The next day we headed out to Berastagi. It was supposed to be a cool, hilly town. On the way we got absolutely soaked. Usually when it starts to rain, we pull over and wait it out a bit. This time we decided to don our never-used ponchos…what a mistake. It was a crazy downpour. Eventually we just had to pull over and wait it out. We waited for about an hour and it started to drizzle so we decided to get back on since it was hitting close to 4pm. Not only was it raining, but the traffic was decently heavy…if this was the case in Sumatera…what was waiting for us in Java? As we approached Berastagi, we saw loads of roasted corn vendors and restaurants along the edge of mountains. It was foggy and chilly, it immediately reminded us of a hill station in India. One of the amazing things about all the islands of Indonesia is the presence of volcanos. Riding around you’ll randomly find a huge cone of rock or a rainforest covered peak jutting out of the scenery in front of you. It never gets old! Berastagi did not disappoint. We dried off, ate some Italian food (random), and planned the next day. When it came to volcanos, Berastagi did not disappoint! We wanted to trek up a bit to Sibayak but found ourselves up against a landslide and bad weather. Instead we headed back down and took an offroad rocky track past the geothermal plant and found ourselves with great views of the steaming crater.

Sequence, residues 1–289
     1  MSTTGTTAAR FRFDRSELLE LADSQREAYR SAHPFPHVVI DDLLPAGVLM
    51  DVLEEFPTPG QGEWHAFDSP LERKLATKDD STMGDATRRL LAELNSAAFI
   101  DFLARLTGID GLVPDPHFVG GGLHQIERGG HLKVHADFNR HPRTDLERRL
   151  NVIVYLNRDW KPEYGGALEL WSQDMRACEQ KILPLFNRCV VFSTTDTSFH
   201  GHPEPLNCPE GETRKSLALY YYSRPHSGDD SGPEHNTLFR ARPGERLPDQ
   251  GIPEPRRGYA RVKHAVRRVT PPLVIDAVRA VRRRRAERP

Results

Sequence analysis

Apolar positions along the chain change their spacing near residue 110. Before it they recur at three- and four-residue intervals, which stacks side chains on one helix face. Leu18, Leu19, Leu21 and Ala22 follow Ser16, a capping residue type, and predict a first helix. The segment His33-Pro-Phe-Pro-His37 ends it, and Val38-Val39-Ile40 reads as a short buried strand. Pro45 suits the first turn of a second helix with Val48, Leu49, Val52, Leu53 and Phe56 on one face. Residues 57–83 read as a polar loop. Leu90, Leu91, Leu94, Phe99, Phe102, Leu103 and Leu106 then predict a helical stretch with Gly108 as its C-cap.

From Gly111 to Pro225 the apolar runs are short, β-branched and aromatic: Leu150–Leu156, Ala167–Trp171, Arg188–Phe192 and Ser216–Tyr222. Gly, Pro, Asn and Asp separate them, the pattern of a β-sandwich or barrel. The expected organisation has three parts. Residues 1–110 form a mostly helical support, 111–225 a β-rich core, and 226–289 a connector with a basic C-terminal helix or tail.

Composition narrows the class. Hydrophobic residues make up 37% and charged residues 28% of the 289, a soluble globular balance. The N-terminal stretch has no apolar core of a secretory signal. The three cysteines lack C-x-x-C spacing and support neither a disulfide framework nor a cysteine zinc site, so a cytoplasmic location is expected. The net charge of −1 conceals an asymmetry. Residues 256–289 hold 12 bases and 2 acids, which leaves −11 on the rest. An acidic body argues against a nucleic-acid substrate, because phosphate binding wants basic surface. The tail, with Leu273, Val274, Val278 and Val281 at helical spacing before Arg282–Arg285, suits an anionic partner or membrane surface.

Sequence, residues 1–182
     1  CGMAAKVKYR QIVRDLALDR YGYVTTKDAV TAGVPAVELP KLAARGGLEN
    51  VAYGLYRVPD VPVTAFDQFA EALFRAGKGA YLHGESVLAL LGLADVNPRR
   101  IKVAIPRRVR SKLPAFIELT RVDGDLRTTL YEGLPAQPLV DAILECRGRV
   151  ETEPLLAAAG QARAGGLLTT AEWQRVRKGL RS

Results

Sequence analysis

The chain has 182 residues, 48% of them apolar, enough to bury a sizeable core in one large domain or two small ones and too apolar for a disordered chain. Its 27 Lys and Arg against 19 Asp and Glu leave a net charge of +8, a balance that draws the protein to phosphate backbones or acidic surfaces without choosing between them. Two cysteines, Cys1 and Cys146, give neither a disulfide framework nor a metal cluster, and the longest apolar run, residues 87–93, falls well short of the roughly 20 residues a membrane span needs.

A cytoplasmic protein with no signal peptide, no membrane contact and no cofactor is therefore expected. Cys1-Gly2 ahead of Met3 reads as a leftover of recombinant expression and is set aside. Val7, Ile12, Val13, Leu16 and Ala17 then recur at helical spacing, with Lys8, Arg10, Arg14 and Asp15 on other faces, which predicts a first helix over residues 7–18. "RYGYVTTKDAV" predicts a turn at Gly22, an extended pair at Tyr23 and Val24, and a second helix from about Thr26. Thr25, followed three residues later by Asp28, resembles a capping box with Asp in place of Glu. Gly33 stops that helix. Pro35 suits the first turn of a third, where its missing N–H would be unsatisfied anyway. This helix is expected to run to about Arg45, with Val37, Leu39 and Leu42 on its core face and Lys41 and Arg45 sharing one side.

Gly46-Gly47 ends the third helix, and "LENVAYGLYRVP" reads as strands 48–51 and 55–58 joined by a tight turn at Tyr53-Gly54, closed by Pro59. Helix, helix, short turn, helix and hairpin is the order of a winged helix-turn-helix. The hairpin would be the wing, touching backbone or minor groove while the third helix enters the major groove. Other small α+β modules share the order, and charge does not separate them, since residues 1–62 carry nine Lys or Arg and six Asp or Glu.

The next day we rode around to the base of a couple more volcanos, to an awesome waterfall that emptied out into the other side of Lake Toba (it’s really that big!)
We had left a bit late so we had to call it a night in a small, sleepy town. The accommodation was overpriced for ratty bads and grimy bucket baths. Finally we decided on one guest house that was giving us a discount. We wondered why the guest houses were so damn pricey compared to others we had stayed at. It had become dark so we didn’t notice all the steam coming from behind the losmen (guest houses), shops, and aluminium sided houses along the main road. Little did we know that at the back was a huge hill of white limestone with hot springs. Water poured down and filtered into a large pool. There were also smaller baths where women could bathe in the natural hot spring. There was a restaurant at the back of our losmen where families came to bathe in and have a nice evening out. It was also our anniversary, again Nick figured out a bottle of brandy and we raised our glasses. This time last year, we had celebrated our 1st anniversary and had expected to start our trip that day. Unfortunately Nick had broken his wrist a few months before. Everything happens for a reason though and we felt extremely greatful to be in freakin Sumatera together!